Since then, these two schools of thought have been considerably enriched, developing critical feedback on their own stances and thus opening up interesting perspectives. For example, thinking on care has been careful to distinguish itself from a sort of essentialism that some people had ascribed to it, whereby women are “naturally” disposed to offer care to “naturally” weak beings (children, people who are ill, the elderly or the disabled, etc.). Several authors have drawn particular attention to the issue of care work being allocated to certain social groups in accordance with gender, class and racialization (Glenn, 1992; Tronto, 1993). Above and beyond seeing care in terms of the needs to be met, of receivers and providers, research on care increasingly stresses the notion of interdependence. Authors such as E. Kittay (Kittay and Feder, 2002) have also shown that asymmetrical relationships do not always or necessarily mean power relationships, that care relationships are not univocal and that the roles of provider or receiver are never definitively assigned. Regarding Disability Studies, recent generations have criticised a radical definition of disability which completely ignores the experience of the body and of the impairment, the intimate and private dimension of disability; they wish to produce a less abstract conception of the disabled person (Shakespeare, 2006; Thomas, 2007). Finally, other schools of thought have seized upon this issue; the sociology of techniques, for example, has renewed the approach to care and to the person (Mol and al., 2010; Pols, 2006).

Without converging in their approaches or results, these different avenues of research have in common the fact that they consider how to qualify a person engaged in care relations, through the relationships that the person produces and which produce him/her both in the public space and the private. This determination to show that care is not restricted to a dyadic mother-child relationship was an opportunity to renew theoretical approaches and empirical research. We think it would be useful to continue this debate that has been engaged by those two lines of thought, particularly regarding the way in which they draw attention to the importance of examining how the qualification of the relationship affects the quality – qualification – of the people involved. At a time when public disability policies are revolving around the principles of people’s rights, citizenship and social participation, we believe these issues to be of especial importance.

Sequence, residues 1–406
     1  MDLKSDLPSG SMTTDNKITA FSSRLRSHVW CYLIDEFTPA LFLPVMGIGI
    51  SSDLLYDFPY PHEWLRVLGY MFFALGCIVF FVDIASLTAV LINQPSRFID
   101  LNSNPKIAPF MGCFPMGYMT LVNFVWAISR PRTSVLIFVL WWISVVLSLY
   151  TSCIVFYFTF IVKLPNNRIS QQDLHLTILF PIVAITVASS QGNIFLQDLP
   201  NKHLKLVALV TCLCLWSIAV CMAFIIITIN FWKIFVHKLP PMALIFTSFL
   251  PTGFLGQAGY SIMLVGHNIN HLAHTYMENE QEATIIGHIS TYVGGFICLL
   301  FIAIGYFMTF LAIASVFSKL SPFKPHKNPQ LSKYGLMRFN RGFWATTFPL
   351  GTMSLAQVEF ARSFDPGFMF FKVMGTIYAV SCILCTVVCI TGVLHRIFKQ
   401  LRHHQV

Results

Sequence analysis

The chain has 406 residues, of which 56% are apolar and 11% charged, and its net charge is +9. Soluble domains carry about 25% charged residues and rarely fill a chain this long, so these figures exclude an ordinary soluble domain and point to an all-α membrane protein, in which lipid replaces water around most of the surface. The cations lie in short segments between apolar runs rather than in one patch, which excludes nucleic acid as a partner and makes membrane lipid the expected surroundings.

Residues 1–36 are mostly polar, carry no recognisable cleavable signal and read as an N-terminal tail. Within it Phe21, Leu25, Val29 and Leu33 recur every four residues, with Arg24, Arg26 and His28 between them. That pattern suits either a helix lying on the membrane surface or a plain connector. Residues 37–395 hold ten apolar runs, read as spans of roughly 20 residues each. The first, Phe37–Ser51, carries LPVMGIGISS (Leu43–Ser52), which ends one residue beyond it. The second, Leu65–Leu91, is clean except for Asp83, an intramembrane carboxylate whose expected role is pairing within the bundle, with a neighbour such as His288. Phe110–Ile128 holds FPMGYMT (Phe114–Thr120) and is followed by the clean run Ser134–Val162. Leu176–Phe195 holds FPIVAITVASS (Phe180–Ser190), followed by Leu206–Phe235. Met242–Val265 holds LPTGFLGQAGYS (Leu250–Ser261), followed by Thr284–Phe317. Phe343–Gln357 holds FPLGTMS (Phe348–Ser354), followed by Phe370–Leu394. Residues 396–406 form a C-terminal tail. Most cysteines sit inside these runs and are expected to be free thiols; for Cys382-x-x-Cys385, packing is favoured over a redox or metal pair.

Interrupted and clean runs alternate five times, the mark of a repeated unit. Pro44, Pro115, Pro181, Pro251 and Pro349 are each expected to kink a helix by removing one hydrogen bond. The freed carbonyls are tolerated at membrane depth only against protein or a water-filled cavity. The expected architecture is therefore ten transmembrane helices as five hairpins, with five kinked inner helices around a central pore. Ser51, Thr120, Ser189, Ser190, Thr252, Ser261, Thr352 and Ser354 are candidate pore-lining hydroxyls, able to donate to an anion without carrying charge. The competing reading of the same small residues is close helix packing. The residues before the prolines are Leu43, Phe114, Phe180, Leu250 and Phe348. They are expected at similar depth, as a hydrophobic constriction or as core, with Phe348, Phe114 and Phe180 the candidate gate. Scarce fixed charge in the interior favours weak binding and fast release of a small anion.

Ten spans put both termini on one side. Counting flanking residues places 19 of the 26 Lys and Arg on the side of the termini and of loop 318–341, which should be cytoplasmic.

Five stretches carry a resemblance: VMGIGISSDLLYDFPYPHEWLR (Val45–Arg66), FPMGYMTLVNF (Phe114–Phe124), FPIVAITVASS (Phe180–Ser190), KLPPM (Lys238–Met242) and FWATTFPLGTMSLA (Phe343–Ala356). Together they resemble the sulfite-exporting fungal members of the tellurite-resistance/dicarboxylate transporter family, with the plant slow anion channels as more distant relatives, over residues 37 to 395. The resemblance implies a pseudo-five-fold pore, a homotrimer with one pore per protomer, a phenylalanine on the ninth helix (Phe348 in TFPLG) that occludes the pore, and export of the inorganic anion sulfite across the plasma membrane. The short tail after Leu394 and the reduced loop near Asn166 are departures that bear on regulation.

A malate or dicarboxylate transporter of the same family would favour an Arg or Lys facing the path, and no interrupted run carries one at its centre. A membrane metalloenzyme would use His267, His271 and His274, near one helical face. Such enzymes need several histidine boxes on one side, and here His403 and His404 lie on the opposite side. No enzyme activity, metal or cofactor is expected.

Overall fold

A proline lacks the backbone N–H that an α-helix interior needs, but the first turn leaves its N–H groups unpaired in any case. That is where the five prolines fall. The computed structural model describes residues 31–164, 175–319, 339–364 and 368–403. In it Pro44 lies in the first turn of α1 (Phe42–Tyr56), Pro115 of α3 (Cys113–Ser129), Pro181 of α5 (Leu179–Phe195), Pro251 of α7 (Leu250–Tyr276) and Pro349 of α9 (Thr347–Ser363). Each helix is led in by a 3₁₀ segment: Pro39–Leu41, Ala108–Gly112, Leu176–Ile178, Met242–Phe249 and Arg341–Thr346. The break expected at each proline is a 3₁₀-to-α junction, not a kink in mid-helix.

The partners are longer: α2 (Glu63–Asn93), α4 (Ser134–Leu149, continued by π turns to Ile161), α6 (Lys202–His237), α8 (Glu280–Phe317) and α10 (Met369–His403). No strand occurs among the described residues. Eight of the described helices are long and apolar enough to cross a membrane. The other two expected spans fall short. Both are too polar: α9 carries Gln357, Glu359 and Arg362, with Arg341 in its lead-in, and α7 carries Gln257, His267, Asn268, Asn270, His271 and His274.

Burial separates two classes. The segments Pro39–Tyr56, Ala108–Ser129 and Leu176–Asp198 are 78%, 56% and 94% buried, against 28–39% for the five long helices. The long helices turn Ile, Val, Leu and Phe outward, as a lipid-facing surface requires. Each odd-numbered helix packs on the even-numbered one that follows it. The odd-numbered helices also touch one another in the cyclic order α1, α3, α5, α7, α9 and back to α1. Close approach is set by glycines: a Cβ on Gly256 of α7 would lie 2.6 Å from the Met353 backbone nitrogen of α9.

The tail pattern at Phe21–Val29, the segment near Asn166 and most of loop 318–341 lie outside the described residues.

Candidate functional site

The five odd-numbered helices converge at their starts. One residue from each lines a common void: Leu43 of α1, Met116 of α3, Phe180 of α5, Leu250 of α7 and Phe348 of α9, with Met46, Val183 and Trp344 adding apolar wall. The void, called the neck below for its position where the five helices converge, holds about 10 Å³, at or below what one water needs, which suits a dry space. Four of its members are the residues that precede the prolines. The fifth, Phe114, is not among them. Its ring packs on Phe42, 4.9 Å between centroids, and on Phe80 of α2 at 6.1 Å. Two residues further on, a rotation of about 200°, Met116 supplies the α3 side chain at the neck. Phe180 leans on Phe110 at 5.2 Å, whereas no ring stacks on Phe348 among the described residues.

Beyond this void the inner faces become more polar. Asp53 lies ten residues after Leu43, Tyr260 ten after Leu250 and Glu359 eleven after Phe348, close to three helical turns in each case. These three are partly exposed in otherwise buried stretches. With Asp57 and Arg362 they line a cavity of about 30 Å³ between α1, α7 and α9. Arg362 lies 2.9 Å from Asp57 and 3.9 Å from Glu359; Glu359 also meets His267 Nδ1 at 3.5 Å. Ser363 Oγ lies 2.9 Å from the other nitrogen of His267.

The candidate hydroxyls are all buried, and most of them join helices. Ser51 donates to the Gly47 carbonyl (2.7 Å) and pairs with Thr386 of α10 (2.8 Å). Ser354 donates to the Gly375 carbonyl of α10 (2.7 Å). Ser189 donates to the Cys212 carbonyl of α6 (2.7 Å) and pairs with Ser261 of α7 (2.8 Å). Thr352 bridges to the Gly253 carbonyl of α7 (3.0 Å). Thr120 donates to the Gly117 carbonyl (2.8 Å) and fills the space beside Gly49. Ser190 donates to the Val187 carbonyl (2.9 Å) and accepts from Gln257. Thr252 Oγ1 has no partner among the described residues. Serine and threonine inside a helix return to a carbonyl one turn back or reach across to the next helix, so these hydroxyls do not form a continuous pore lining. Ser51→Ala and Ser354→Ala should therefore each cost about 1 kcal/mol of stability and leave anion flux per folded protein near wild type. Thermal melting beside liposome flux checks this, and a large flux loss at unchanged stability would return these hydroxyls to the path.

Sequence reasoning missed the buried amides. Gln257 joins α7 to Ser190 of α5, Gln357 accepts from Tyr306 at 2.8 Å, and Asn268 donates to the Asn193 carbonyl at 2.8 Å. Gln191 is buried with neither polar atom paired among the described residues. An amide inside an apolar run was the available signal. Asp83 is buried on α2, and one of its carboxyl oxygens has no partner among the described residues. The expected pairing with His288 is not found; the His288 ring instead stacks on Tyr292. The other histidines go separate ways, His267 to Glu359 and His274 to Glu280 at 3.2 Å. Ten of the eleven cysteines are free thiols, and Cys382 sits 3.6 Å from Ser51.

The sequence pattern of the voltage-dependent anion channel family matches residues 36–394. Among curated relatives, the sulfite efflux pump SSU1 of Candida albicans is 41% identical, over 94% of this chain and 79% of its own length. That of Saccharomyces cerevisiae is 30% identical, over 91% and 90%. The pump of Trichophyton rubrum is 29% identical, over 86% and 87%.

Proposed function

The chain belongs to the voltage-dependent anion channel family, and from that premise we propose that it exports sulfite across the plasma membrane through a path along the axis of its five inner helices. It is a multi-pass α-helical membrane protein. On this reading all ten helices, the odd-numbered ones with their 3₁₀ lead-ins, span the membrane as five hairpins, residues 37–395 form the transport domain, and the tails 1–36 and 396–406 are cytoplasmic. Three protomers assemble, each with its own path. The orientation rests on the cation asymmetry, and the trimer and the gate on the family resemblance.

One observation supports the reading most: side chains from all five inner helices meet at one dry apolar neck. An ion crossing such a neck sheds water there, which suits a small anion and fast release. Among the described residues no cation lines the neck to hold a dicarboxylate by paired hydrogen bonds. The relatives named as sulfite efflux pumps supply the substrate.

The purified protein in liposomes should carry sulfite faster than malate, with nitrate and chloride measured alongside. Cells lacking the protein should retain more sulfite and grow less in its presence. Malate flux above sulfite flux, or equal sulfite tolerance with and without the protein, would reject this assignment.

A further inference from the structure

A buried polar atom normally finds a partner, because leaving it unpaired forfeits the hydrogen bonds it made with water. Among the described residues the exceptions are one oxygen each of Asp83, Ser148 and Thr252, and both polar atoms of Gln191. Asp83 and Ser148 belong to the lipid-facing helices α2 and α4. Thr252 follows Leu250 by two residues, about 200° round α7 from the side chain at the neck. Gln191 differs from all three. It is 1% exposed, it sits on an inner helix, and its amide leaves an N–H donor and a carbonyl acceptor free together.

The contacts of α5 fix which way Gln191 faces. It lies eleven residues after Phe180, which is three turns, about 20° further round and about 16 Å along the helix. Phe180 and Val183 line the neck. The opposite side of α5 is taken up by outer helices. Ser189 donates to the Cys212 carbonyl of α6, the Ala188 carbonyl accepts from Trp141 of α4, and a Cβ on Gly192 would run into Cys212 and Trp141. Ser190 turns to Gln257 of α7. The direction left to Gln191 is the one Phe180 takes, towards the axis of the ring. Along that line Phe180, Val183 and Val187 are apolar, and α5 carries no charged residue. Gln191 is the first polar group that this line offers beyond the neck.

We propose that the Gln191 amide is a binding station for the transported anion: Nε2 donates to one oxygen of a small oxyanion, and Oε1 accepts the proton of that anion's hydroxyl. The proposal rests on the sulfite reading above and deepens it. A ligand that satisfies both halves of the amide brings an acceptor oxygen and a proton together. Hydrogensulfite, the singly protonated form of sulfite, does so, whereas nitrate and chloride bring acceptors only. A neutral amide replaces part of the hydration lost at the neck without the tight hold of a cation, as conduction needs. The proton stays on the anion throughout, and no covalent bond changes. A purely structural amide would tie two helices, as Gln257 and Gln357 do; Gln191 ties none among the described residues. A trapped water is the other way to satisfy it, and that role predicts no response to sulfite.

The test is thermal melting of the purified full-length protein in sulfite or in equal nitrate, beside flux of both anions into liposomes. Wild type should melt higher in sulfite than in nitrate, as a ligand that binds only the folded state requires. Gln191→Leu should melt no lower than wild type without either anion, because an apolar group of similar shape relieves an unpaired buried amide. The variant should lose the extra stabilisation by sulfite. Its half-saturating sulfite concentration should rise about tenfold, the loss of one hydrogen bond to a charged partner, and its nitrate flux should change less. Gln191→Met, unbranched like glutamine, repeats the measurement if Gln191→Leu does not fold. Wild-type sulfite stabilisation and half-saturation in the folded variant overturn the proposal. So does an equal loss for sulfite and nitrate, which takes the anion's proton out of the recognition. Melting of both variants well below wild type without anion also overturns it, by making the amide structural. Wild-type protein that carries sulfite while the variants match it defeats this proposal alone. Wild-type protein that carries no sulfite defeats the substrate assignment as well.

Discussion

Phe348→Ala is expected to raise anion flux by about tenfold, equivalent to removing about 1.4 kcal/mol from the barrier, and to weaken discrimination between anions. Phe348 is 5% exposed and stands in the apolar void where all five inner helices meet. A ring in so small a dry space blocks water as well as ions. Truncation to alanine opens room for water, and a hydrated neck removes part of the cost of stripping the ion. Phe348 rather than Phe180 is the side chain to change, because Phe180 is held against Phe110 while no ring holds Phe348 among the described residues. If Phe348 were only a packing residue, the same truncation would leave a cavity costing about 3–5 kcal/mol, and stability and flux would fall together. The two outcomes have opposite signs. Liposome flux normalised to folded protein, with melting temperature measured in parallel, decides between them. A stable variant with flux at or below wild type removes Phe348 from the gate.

Certain avenues of research would appear to be of particular interest:

  • the joint/shared dimensions of care, care givers and care receivers in particular, and the role of each within the care relationship. We feel it is important to examine the apparent division between the passive status of those who receive, who are “dependent”, and those who are “active”, who give. This issue relates not only to the one-to-one relationship but also to the configuration conferred upon this relationship by institutions (and disability institutions in particular). What tensions exist between the desire to protect users and the need to defend their autonomy? This line of research might also be an opportunity to question the role of the social participation bodies more and more introduced in public policies on the possibilities for transforming the status of the care receiver;
  • the nature of care; one of the issues is that of the forms or types of care given to disabled persons: what are the stakes of this distinct care qualification? Can we talk about medical or medical-social care? What policies, what bodies and what people models are mobilised in the background?
  • the value of care; a line of thinking concerning its moral qualification: the care may be good or bad (as demonstrated by the issue of mistreatment). How can we define “good care”? Who is responsible? What points of view are then promoted? What are the different conceptions of care which can be conveyed by actors and theories and in what ways might they be in contradiction with one another, or, on the contrary, be reconciled? Which type of knowledge is needed to take care of others.